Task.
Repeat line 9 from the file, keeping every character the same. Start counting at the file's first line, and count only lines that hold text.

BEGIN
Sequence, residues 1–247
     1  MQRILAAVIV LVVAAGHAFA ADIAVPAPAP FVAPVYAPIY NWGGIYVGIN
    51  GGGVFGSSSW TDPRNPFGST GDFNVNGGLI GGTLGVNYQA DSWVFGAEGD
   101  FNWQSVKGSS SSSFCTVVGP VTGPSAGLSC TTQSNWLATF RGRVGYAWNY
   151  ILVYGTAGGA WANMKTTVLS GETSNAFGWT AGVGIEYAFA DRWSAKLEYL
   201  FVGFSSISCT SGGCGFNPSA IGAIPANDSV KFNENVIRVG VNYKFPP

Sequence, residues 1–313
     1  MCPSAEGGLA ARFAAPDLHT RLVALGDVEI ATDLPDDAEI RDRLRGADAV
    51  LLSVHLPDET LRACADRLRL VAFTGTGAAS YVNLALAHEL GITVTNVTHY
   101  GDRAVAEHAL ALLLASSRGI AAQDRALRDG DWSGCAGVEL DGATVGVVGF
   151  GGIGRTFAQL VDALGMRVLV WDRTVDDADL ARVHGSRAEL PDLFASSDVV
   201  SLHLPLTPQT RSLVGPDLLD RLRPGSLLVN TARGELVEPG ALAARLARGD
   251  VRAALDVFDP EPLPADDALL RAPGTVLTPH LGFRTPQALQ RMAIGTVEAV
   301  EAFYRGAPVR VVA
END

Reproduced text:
    51  LLSVHLPDET LRACADRLRL VAFTGTGAAS YVNLALAHEL GITVTNVTHY